http://git.annexia.org/?p=c2lib.git http://git.annexia.org/?p=pthrlib.git http://git.annexia.org/?p=rws.git http://git.annexia.org/?p=monolith.git

It actually does stuff that even current frameworks cannot achieve, such as providing long-lived stateful web apps entirely in HTML (no JS required), although you are entitled to doubt if that matters these days since JS has won and is available pretty much everywhere.

The best thing about it was that it was so fast, because the code + data of a small web app would fit entirely in the L1 cache of the CPU.


C is a terrible language to write a web framework in. The kind of high-level constructs modern programming languages provide are just not possible in C. It is also very easy to write buggy code and is too low level for the use case.


You should try looking at the code before declaring that. The C used a pool allocator, had some high level structures (vectors and hash tables, basically the same as Perl), loads of safe string functions, try/catch, coroutines, cooperative threads, and other stuff I've forgotten[1].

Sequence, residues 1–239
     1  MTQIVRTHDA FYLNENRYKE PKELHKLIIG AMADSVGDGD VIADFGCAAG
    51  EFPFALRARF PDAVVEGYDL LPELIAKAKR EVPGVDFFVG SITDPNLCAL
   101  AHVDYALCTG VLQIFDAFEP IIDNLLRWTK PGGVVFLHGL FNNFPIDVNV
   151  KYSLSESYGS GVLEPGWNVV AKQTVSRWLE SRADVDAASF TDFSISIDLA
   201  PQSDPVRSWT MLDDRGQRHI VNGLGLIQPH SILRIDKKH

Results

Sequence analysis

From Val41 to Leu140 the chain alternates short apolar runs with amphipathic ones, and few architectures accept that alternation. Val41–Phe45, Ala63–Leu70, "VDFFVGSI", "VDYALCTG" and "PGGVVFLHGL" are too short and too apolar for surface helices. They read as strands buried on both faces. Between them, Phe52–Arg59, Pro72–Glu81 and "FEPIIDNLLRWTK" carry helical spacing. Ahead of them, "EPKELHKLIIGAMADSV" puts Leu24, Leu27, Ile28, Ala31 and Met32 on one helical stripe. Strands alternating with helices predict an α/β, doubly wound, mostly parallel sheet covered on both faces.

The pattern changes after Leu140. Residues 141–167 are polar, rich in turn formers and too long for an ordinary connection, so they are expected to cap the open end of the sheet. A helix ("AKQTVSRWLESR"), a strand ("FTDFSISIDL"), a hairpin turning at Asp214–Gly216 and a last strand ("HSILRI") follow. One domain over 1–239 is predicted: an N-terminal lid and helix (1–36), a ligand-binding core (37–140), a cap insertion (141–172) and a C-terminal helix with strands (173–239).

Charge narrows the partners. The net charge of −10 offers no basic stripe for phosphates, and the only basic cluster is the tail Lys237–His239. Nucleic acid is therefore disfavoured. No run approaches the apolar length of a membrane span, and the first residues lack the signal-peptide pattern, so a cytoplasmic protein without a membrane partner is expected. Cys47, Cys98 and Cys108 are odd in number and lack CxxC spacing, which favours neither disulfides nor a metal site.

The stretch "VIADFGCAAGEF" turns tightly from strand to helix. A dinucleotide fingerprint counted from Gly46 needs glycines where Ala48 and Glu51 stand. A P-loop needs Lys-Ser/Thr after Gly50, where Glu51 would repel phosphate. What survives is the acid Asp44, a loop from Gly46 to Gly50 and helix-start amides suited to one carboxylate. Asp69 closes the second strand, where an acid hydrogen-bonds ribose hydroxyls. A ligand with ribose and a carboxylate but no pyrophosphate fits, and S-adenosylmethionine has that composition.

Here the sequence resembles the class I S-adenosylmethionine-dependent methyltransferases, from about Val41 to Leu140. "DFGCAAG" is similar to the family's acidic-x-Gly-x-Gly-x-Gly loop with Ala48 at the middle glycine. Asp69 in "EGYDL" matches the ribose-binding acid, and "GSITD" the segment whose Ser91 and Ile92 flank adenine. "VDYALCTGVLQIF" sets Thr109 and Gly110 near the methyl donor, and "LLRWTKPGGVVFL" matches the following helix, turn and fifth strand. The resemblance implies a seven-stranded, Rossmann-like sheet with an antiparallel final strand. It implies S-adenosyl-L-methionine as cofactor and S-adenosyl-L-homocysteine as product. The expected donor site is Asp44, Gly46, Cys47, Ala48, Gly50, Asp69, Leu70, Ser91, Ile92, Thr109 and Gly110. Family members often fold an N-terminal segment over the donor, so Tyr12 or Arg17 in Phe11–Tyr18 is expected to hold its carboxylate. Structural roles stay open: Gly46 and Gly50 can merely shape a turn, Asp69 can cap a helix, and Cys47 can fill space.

It was possible to write safe code in that framework, and in fact we did write a lot of code used daily by tens of thousands of UK schoolchildren until quite recently.

[1] Invoking https://en.wikipedia.org/wiki/Greenspun's_tenth_rule although I like to think our code was very minimal, elegant and not too buggy.


> You should try looking at the code before declaring that.

Attempting to write a web framework in C is great!

Even though you end up building the high-level programming constructs, C web dev is still just too hard compared to other alternatives. Because of this it is not possible to build a large community around it, which I would say is the most crucial part of today's web framework like Django/Rails.


C doesn't have tagged unions, which makes it a terrible language to write pretty much anything in. Most of the other pieces you need for good programming you can write yourself in C, but you can't make a safe tagged union out of thin air, and if you rely on helper functions or macros then your tools won't understand them.